Sunday, January 12, 2014
I Reads You Review: THE SANDMAN: OVERTURE #1
DC COMICS/VERTIGO – @DCComics and @vertigo_comics
WRITER: Neil Gaiman
ART: J.H. Williams, III
COLORS: Dave Stewart
LETTERS: Todd Klein
EDITORS: Karen Berger and Shelly Bond
COVERS: J.H. Williams, III (Cover A); Dave McKean (Cover B)
32pp, Color, $4.99 U.S. (December 2013)
“Suggested for Mature Readers”
The Sandman was a comic book series written by Neil Gaiman and drawn by numerous artists, including Sam Kieth, Mike Dringenberg, Jill Thompson, and Shawn McManus, among many. The Sandman chronicled the adventures of a character called Dream (or Morpheus) that was created by Gaiman and artists, Sam Kieth and Mike Dringenberg. Dream was one of “The Endless,” and he ruled over the world of dreams.
Published by DC Comics, the series ran for 75 issues (cover dates: January 1989 to March 1996). For 29 issues (beginning with #47), The Sandman was published under the banner of Vertigo, a DC Comics’ imprint.
The Sandman returns in a new six-issue comic book miniseries, The Sandman: Overture. Written by Neil Gaiman and drawn by artist J.H. Williams III, The Sandman: Overture will explore Morpheus’ world before he was captured, which is how readers found him way back in The Sandman #1.
“This is the one story that we never got to tell,” Neil Gaiman told The New York Times in an interview last year. “In Sandman #1, Morpheus is captured somehow. Later on in the series, you learn he was returning from somewhere far, far away – but we never got to the story of what he was doing and what had happened. This is our chance to tell that story, and J.H. Williams III is drawing it. It’s the most beautiful thing in the world.”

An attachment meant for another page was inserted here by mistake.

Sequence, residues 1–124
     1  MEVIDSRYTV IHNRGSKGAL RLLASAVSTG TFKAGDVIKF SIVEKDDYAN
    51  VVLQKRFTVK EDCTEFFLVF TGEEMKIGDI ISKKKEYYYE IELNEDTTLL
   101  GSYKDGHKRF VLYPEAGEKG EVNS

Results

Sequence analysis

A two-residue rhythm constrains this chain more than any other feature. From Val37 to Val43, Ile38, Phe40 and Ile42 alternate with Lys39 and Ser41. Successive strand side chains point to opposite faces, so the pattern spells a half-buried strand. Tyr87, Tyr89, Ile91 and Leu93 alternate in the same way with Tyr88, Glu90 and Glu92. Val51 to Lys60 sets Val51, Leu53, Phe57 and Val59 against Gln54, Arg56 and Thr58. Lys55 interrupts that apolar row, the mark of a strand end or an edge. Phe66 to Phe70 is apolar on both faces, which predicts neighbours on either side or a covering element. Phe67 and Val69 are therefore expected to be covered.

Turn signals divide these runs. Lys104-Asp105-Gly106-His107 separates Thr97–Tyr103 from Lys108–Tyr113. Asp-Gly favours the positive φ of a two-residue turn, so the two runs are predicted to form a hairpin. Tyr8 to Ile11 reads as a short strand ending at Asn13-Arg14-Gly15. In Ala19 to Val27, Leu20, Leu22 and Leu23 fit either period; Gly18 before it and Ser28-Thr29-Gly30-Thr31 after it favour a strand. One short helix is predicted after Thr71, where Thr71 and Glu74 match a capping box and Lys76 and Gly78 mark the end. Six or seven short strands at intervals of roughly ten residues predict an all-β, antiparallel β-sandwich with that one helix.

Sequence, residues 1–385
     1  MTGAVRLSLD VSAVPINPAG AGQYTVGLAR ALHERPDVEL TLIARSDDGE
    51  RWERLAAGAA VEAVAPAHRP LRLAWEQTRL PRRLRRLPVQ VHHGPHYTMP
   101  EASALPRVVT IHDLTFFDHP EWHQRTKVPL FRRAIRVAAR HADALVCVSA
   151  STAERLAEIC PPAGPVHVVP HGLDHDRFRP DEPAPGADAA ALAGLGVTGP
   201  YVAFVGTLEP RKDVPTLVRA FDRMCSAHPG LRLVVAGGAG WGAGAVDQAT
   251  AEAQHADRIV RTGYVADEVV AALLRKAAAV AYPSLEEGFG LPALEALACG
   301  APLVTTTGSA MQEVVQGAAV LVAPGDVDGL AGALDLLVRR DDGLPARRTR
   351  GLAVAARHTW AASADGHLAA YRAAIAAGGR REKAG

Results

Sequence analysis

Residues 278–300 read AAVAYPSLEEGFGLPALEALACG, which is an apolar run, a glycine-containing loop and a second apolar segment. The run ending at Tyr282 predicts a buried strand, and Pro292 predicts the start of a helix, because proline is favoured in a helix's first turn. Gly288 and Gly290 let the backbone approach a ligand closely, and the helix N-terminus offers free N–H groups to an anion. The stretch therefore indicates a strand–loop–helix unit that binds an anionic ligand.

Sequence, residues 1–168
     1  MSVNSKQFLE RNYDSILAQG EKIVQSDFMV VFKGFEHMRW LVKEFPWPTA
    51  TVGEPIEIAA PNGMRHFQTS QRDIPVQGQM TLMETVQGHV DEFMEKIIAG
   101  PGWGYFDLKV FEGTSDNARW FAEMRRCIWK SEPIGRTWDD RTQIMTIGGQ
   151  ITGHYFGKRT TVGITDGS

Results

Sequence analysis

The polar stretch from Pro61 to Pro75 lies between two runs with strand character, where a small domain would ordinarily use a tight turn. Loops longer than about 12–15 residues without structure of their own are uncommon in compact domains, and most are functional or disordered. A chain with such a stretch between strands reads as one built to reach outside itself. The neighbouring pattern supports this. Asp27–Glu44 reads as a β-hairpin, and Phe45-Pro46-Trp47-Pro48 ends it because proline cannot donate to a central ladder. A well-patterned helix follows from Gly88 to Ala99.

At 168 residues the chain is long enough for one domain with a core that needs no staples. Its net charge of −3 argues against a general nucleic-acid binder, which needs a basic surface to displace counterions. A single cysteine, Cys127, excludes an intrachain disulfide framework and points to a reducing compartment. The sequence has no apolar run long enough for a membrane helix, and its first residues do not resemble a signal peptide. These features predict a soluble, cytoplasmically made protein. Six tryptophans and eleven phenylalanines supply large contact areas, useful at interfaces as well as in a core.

The Sandman: Overture #1 takes place in different time periods and on multiple planes of existence/reality. Chapter One introduces Ian Stuart, a young tradesman in 1915 London; he seems destined to fall prey to The Corinthian. The Endless make an appearance, and their sibling Dream is the subject of much discussion. Meanwhile, Dream receives a “call” that he cannot deny.
Being that The Sandman: Overture is a six-issue miniseries, I expected Neil Gaiman to do more introducing than revealing in the first issue. He does, but they are such intriguing introductions. If you are familiar with and like Gaiman’s work, especially The Sandman, I don’t have to sell you on this comic book, dear reader. Still, I must say that if #1 is any indication, The Sandman: Overture is going to be really, really good.
What I can deliver a verdict on is the fantastic art by artist J.H. Williams III and colorist Dave Stewart. It is some of the best comic book art of 2013, if not the best. J.H. Williams III is a visionary, and although many exceptional artists have drawn Sandman comics, Williams seems born to draw The Sandman. It is as if Gaiman has been waiting for the perfect artist to draw his Sandman stories, and Williams is that artist.
Williams brings every reality to life, and that his drawings are the perfect incarnation of what Gaiman has created with this new comic book seems like a plain and simply fact. Dave Stewart gives the art character and makes the ethereal nature of the story solid – like a dream brought to life.
The Sandman: Overture does not come across as some nostalgia publication, struggling to make a connection with a classic, nearly two decades after the original ended. It is as if the dream never ended.
Reviewed by Leroy Douresseaux
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